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Saudi Revives Syrian Refugees Hajj Dream

Published: 03/11/2012 01:18:45 PM GMT
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CAIRO - Losing their dear ones at the hands of security forces and militias loyal to President Bashar Al-Assad, Syrian refugees hopes to perform the life-time journey to the holy city of Makkah renewed after the Saudi authori (more)

CAIRO - Losing their dear ones at the hands of security forces and militias loyal to President Bashar Al-Assad, Syrian refugees hopes to perform the life-time journey to the holy city of Makkah renewed after the Saudi authorities announced its plans to allow them to come to hajj.

“My three sons, who died as martyrs, used to promise me that they would take me to Makkah so that I could perform Hajj,” Alya, one of the Syrian refugees, told Saudi Gazette on Saturday, October 20.

Alya's sons were among more than 30,000 of Syrian people who have been killed in Syria's 19-month-old uprising against Assad's 11-year rule.

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The revolt against Assad began as peaceful protests calling for democracy and greater rights, but gradually turned to an armed struggle, pitting the Sunni majority against the president and his minority Alawite sect.

Running for her life, Alya, as well as hundreds of thousands of Syrians, took refuge in Jordan, Lebanon, and Turkey.

Losing her three sons in the Syrian revolution, Alya's dream to perform the life-time journey to the holy city of Makkah renewed after the Saudi King promise to allow Syrian refugees to come to hajj this year.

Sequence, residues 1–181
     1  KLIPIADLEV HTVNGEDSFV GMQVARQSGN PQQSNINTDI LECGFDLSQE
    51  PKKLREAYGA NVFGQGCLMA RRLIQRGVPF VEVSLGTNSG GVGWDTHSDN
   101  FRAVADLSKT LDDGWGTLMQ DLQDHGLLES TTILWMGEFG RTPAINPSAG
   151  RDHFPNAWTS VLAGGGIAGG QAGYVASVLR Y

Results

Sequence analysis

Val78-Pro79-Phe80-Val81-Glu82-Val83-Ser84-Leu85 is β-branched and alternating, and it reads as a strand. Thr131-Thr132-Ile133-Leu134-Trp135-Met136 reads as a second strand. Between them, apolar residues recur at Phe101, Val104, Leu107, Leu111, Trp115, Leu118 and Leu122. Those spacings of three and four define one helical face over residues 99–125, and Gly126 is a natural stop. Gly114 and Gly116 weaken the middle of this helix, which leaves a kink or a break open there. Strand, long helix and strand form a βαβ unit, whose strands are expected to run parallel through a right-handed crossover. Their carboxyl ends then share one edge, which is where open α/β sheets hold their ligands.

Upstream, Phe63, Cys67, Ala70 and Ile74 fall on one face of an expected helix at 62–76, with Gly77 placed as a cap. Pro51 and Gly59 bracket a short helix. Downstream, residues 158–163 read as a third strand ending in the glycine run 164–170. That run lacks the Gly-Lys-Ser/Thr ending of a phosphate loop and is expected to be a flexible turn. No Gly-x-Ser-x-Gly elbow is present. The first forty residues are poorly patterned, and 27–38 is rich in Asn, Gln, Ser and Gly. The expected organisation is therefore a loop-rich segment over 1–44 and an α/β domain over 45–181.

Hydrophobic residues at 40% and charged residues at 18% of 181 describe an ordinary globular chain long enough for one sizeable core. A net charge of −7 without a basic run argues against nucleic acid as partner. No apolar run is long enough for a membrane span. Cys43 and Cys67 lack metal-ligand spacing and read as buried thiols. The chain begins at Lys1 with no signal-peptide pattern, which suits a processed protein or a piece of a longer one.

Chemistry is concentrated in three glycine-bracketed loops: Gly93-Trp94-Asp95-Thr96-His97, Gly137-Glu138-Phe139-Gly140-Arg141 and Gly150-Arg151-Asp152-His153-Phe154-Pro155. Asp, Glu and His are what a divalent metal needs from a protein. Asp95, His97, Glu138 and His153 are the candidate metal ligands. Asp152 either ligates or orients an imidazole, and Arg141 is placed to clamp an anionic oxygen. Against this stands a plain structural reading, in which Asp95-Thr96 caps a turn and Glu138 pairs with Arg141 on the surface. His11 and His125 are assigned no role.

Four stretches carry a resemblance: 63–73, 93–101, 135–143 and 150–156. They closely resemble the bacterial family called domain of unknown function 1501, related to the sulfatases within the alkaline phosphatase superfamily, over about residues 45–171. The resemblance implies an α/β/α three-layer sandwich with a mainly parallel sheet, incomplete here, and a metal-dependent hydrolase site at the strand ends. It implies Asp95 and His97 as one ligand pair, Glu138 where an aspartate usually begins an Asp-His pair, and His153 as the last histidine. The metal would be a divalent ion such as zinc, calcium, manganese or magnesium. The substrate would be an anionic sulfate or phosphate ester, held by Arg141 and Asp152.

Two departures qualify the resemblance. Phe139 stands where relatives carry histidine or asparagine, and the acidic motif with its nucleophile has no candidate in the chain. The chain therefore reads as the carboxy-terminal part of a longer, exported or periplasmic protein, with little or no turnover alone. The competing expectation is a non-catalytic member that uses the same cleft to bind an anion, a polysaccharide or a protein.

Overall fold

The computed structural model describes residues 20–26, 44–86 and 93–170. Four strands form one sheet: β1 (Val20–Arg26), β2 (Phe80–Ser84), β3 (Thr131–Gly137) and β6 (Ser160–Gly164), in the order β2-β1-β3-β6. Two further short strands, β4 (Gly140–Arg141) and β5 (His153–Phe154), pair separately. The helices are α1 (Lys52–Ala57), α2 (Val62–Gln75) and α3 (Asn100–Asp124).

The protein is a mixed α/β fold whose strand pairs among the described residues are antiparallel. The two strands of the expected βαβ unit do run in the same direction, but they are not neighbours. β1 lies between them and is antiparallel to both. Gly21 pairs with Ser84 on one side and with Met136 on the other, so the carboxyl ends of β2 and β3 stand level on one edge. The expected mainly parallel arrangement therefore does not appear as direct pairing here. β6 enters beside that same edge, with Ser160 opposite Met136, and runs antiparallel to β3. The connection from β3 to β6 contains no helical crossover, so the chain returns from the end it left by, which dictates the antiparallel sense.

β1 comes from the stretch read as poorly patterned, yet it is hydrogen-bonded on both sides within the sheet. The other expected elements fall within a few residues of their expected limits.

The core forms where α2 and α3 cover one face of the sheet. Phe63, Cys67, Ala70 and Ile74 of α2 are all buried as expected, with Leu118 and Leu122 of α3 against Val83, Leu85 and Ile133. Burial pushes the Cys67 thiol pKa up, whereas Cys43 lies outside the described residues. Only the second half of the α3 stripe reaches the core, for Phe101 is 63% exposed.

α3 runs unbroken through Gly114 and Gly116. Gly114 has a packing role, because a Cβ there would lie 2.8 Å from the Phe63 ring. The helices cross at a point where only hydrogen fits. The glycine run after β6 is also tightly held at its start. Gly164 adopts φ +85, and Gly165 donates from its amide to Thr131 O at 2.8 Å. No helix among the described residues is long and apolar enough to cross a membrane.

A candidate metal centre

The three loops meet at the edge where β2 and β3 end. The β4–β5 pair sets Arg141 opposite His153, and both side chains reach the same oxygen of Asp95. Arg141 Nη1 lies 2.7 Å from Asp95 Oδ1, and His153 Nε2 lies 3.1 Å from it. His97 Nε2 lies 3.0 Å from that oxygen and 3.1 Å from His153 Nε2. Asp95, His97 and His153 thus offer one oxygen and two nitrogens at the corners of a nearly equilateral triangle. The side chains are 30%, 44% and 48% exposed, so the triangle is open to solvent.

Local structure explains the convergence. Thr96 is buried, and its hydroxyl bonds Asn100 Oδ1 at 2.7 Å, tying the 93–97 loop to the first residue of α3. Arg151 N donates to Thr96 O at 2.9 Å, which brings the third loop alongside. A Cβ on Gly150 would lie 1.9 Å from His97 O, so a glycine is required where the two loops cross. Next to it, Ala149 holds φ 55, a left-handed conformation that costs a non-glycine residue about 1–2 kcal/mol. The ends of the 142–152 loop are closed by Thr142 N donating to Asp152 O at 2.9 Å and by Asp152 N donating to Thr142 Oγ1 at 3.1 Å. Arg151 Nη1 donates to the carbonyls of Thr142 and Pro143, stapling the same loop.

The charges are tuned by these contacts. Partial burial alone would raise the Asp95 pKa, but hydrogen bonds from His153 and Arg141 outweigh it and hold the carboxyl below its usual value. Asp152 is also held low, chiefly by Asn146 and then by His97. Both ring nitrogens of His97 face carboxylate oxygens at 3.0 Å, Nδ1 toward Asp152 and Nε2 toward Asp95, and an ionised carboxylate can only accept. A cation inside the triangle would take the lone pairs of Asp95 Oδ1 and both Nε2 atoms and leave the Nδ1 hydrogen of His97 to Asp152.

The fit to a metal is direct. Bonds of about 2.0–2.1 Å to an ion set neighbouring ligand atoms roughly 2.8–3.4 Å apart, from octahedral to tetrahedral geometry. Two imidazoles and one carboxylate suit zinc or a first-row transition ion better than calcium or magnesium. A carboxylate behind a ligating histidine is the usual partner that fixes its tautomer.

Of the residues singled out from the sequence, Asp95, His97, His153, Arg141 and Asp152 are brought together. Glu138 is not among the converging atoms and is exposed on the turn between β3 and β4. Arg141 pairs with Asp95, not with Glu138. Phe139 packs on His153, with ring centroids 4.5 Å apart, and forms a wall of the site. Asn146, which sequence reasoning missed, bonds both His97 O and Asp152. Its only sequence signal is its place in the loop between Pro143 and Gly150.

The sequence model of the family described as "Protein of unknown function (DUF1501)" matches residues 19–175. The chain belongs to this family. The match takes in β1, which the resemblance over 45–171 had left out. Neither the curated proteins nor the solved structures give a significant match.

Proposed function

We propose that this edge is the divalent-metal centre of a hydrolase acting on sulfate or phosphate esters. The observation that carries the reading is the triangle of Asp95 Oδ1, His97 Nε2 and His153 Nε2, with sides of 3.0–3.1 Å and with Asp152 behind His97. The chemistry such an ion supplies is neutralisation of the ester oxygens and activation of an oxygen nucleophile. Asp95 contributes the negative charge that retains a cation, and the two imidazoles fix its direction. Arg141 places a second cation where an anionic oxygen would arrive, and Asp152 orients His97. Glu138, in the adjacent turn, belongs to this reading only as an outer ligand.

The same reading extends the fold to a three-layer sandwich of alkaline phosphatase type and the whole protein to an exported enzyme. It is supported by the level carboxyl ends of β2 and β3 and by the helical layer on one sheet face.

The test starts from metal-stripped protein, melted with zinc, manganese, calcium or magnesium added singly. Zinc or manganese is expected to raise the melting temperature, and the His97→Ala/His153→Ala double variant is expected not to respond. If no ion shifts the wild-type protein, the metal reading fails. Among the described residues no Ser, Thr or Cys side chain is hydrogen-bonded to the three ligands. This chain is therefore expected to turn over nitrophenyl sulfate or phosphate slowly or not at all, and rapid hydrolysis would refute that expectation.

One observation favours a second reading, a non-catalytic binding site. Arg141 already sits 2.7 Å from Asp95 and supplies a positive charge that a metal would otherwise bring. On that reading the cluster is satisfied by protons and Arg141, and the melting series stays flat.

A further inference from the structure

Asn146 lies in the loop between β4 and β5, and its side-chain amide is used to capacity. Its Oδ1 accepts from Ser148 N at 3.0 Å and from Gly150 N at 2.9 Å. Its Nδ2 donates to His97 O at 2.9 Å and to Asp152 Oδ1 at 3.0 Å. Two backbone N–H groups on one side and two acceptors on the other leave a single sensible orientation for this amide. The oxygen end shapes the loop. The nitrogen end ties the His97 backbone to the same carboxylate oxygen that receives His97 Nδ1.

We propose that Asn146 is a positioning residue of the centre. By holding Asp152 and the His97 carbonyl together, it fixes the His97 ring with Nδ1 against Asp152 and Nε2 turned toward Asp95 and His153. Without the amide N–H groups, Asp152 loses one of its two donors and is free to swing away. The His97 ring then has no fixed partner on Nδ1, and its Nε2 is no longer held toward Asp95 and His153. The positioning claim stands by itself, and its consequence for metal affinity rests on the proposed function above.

“I'm happy their wish is coming true,” she added.

Pilgrims have already begun to arrive in Saudi Arabia for the pilgrimage, the world's largest annual gathering.

Muslims from around the world pour into Makkah every year to perform hajj, one of the five pillars of Islam.

Hajj consists of several rituals, which are meant to symbolize the essential concepts of the Islamic faith, and to commemorate the trials of Prophet Abraham and his family.

Every able-bodied adult Muslim who can financially afford the trip must perform hajj at least once in a lifetime.

Hajj starts on the eighth day of the lunar month of Dhul Hijjah, which falls this year on October 24.

Most pilgrims come earlier to visit the holy mosques in Makkah and nearby Madinah, where Prophet Muhammad (peace and blessing be upon him) was buried over 1,400 years ago.

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Syrian refugees were grateful to the Saudi authorities for fulfilling their life dream.

“King Abdullah has always supported and stood by the Syrian people,” Samer J. said.

Samer said Syrian refugees have become tired and exhausted by what has been going on in their country.

He added that all Syrian refugees were extremely glad over the news of that Haj visas would be made available to them.

“May Allah reward him for this,” Samer added.

Other refugees awaited the life-time journey to pray to Allah to save the Syrian people from the aggression of Assad's forces.

Muhammad J., from the Syrian town of Dara, thanked King Abdullah for his gesture, which he said has made Syrian refugees very happy.

Muhammad lost four of his family members in the violence in Syria and fled with three others to Lebanon.

They have been living in a small room for over a year.

His only wish was to perform hajj and pray to Allah in front of the Ka'aba that the oppression in Syria stops.

Reproduced with permission from OnIslam.net




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